More change is coming to Microsoft.
The company just announced that it’s killing the controversial stack-ranking system for employees.
A Microsoft employee told us that while many people will focus on the death of stack-ranking, the bigger story here is that Ballmer is losing power.
Stack-ranking is Ballmer’s system for rating employees. Our source says Lisa Brummel, who runs HR at Microsoft, was never terribly fond of stack ranking.
Now that Ballmer is out, so is stack-ranking.
Stack-ranking was a bad system that caused widespread problems for Microsoft.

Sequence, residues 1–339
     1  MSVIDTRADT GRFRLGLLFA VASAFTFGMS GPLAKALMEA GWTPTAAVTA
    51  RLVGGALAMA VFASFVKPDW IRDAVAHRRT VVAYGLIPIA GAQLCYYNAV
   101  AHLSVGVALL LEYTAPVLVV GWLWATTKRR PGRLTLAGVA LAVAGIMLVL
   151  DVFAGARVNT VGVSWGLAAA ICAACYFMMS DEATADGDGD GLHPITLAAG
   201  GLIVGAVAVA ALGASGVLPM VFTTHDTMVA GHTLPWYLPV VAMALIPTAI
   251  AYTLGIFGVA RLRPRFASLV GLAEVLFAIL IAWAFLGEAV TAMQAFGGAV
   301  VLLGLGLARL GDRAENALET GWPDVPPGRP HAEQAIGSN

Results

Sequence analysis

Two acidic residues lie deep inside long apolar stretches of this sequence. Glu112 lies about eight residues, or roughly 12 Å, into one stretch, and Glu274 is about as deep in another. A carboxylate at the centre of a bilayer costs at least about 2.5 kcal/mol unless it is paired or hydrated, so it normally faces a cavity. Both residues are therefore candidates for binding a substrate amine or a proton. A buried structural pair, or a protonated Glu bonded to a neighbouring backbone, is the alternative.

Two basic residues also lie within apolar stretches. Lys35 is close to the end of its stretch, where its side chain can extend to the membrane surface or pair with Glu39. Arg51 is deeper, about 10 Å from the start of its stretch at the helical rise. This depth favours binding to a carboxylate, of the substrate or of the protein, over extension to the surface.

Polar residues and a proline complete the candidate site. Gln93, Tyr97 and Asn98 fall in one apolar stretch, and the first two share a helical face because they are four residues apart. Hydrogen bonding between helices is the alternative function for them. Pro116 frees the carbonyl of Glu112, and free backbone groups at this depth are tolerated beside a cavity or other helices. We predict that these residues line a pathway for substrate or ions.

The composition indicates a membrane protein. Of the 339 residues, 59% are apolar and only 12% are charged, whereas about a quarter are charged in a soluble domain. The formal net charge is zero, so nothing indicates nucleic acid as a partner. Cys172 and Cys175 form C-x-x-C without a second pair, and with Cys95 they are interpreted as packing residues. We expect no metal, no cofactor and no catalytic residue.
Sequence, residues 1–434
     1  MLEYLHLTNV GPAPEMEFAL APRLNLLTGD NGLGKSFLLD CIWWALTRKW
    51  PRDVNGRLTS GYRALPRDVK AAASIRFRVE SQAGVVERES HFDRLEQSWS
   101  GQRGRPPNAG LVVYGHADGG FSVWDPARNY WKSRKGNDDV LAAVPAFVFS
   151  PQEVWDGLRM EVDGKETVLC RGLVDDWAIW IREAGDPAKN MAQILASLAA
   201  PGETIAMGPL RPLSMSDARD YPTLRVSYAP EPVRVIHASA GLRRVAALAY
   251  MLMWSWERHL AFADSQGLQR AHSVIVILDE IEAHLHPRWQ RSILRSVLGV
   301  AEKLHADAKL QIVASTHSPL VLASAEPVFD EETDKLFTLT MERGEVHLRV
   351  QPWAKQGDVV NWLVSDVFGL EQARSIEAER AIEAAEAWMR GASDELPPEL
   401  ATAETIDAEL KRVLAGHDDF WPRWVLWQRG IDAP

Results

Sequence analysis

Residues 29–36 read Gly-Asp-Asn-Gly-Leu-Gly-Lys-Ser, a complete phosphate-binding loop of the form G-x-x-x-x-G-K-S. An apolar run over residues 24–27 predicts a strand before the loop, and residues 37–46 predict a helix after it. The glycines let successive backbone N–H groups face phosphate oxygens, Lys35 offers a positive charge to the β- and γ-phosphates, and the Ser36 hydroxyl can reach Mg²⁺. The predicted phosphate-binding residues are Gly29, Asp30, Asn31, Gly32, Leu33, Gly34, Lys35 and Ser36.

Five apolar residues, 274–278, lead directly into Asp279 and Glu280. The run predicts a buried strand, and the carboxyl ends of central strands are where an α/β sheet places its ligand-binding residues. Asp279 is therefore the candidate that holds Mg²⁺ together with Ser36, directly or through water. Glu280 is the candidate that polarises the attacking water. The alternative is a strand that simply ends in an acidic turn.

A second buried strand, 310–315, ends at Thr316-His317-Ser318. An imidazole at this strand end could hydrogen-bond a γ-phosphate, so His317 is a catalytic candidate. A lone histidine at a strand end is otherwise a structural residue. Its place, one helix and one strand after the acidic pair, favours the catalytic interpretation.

Essentially, the way it worked was that Microsoft managers had to rank their employees with a 1-5 ranking. No matter how good the employees were, some of them had to get the low-ranking of a 5. Seeing even good employees get a 5 hurt morale at Microsoft.
There was also a knock-on effect to stack-ranking. Brilliant employees didn’t want to work together. Imagine this: You’re a talented engineer. The best in your group. Do you want to go to another group of talented engineers? Someone in that group is going to get a 5, and it could be you.
If you got a low-ranking, then your earning — For more information read the original article here.